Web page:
Effects of hypoxemia and reoxygenation with 21% or 100% oxygen in newborn piglets: Extracellular hypoxanthine in cerebral cortex and femoral muscle


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Abstract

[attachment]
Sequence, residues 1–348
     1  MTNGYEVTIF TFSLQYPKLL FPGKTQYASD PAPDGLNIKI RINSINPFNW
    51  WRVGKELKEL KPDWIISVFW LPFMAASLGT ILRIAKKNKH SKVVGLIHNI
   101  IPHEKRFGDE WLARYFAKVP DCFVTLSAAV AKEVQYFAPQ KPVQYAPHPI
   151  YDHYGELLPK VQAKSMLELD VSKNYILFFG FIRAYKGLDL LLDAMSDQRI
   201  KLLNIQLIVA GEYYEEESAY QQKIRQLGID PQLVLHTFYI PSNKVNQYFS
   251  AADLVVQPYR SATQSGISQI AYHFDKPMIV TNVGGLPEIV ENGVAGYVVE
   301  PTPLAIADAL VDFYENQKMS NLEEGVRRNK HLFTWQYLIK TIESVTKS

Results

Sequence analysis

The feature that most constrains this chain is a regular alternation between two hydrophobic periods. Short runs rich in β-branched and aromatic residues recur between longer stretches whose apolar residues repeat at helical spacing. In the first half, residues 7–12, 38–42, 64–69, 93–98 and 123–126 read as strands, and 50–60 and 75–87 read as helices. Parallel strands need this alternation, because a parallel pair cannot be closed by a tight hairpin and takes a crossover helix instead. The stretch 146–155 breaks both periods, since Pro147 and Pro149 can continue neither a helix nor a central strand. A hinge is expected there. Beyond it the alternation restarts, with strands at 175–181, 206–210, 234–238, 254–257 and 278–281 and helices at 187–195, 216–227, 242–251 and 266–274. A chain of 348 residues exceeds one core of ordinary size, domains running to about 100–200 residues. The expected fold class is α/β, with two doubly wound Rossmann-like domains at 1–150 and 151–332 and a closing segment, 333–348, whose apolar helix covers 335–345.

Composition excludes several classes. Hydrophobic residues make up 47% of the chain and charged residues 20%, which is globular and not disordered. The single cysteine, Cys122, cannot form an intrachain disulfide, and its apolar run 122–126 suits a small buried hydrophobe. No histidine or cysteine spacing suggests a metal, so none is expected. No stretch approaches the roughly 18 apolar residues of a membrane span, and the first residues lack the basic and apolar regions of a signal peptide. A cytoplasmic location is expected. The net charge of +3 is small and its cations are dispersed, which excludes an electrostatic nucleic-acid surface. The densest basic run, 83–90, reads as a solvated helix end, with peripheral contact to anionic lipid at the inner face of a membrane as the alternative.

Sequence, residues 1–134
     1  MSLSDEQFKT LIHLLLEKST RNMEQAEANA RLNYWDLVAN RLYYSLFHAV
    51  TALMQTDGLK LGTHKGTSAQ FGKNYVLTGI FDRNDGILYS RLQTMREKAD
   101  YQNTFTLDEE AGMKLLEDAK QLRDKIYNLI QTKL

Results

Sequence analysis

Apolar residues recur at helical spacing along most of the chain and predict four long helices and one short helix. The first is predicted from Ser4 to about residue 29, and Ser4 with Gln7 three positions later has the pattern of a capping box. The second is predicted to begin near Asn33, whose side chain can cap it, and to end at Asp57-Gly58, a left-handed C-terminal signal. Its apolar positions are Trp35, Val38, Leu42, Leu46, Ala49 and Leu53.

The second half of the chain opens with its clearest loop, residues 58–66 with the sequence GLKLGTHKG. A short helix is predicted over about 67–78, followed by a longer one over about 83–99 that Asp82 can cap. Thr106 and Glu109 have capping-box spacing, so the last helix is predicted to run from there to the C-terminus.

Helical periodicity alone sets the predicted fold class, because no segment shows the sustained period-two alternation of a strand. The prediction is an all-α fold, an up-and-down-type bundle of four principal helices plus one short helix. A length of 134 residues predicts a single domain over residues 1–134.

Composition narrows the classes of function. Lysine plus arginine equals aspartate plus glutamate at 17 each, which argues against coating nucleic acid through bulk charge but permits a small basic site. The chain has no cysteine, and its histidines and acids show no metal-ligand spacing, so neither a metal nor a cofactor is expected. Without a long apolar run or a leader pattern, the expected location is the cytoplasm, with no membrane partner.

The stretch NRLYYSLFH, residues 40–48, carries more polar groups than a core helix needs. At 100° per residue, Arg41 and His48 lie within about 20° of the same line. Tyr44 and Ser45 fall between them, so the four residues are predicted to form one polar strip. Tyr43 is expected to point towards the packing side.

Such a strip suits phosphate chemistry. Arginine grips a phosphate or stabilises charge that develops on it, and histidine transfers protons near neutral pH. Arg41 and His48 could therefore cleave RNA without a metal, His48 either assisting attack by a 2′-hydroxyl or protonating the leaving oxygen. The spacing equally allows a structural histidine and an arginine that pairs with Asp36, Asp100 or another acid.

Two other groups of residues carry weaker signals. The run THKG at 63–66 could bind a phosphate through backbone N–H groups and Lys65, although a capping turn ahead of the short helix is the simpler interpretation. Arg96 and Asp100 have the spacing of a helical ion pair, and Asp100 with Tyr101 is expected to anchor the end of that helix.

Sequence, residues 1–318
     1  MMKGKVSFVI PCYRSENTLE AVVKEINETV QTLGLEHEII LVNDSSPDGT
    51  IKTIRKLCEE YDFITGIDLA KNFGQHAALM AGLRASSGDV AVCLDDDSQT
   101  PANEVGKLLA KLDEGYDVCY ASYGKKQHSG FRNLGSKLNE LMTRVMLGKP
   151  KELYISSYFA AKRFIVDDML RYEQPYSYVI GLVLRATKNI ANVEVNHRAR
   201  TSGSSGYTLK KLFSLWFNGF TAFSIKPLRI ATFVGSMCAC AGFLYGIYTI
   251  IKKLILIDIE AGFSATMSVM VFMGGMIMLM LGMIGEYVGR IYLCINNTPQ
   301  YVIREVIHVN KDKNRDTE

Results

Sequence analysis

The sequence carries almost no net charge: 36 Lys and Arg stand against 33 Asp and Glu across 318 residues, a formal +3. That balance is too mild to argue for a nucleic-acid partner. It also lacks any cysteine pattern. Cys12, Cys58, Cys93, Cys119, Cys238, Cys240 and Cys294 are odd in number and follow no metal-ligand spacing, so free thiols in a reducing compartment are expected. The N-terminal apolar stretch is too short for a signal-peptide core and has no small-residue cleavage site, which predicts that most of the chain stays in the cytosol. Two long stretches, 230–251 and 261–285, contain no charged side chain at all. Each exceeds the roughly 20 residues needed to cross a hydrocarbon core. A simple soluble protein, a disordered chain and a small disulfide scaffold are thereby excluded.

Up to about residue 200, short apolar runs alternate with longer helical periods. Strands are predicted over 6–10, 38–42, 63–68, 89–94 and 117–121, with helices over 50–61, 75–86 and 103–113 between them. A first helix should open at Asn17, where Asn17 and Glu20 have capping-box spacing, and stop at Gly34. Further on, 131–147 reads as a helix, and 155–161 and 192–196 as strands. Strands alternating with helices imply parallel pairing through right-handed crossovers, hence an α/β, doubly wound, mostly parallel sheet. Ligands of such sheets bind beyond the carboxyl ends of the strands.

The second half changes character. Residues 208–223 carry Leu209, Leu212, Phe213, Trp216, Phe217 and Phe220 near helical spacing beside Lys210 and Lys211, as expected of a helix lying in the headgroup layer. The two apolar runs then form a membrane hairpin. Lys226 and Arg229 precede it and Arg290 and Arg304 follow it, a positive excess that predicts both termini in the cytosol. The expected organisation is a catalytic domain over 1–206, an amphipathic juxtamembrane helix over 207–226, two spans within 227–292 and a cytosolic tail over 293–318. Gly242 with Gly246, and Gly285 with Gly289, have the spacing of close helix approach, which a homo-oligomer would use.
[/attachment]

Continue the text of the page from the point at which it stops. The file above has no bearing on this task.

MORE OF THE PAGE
Objective To determine whether reoxygenation with an FIO2 of 0.21 (21% oxygen) is preferable to an FIO2 of 1.0 (100% oxygen) in normalizing brain and muscle hypoxia in the newborn.Design Prospective, randomized, animal study.Setting Hospital surgical research laboratory.Subjects Twenty-six anesthetized, mechanically ventilated, domestic piglets, 2 to 5 days of age.Interventions The piglets were randomized to control or hypoxemia groups. Hypoxemia was induced by ventilating the piglets with 8% oxygen in nitrogen, which was continued until mean arterial pressure decreased to <20 mm Hg. After hypoxemia, the piglets were further randomized to receive reoxygenation with an FIO2 of 0.21 (21% oxygen group, n = 9) or an FIO2 of 1.0 for 30 mins followed by an FIO2 of 0.21 (100% oxygen group, n = 9), and followed for 5 hrs. The piglets in the control group were mechanically ventilated with 21% oxygen (n = 8).Measurements and Main Results We measured extracellular concentrations of hypoxanthine in the cerebral cortex and femoral muscle (in vivo microdialysis), plasma hypoxanthine concentrations, cerebral arterial-venous differences for hypoxanthine, acid base balances, arterial and venous (sagittal sinus) blood gases, and mean arterial pressures. The lowest pH values of 6.91 +/- 0.11 (21% oxygen group, mean +/- SD) and 6.90 +/- 0.07 (100% oxygen group) were reached at the end of hypoxemia and then normalized during the reoxygenation period. Plasma hypoxanthine increased during hypoxemia from 28.1 +/- 9.3 to 119.1 +/- 31.9 micro mol/L in the 21% oxygen group (p < .001) and from 32.6 +/- 14.5 to 135.0 +/- 31.4 micro mol/L in the 100% oxygen group (p < .001). Plasma hypoxanthine concentrations then normalized over the next 2 hrs in both groups. In the cerebral cortex, extracellular concentrations of hypoxanthine increased during hypoxemia from 3.9 +/- 2.8 to 20.2 +/- 7.4 micro mol/L in the 21% oxygen group (p < .001) and from 5.9 +/- 5.0 to 25.1 +/- 7.1 micro mol/L in the 100% oxygen group (p < .001). In contrast to plasma hypoxanthine, extracellular hypoxanthine in the cerebral cortex increased significantly further during early reoxygenation, and, within the first 30 mins, reached maximum values of 24.9 +/- 6.3 micro mol/L in the 21% oxygen group (p < .01) and 34.8 +/- 10.9 micro mol/L in the 100% oxygen group (p < .001). This increase was significantly larger in the 100% oxygen group than in the 21% oxygen group (9.7 +/- 4.7 vs. 4.7 +/- 2.6 micro mol/L, p < .05). There were no significant differences between the two reoxygenated groups in duration of hypoxemia, hypoxanthine concentrations in femoral muscle, plasma hypoxanthine concentrations, pH, or mean arterial pressure. The cerebral arterial-venous difference for hypoxanthine was positive both at baseline, at the end of hypoxemia, and after 30 mins and 300 mins of reoxygenation, and no differences were found between the two reoxygenated groups.Conclusions Significantly higher extracellular concentrations of hypoxanthine were found in the cerebral cortex during the initial period of reoxygenation with 100% oxygen compared with 21% oxygen. Hypoxanthine is a marker of hypoxia, and reflects the intracellular energy status. These results therefore suggest a possibly more severe impairment of energy metabolism in the cerebral cortex or an increased blood-brain barrier damage during reoxygenation with 100% oxygen compared with 21% oxygen in this newborn piglet hypoxia model. (Crit Care Med 1997; 25:1384-1391)

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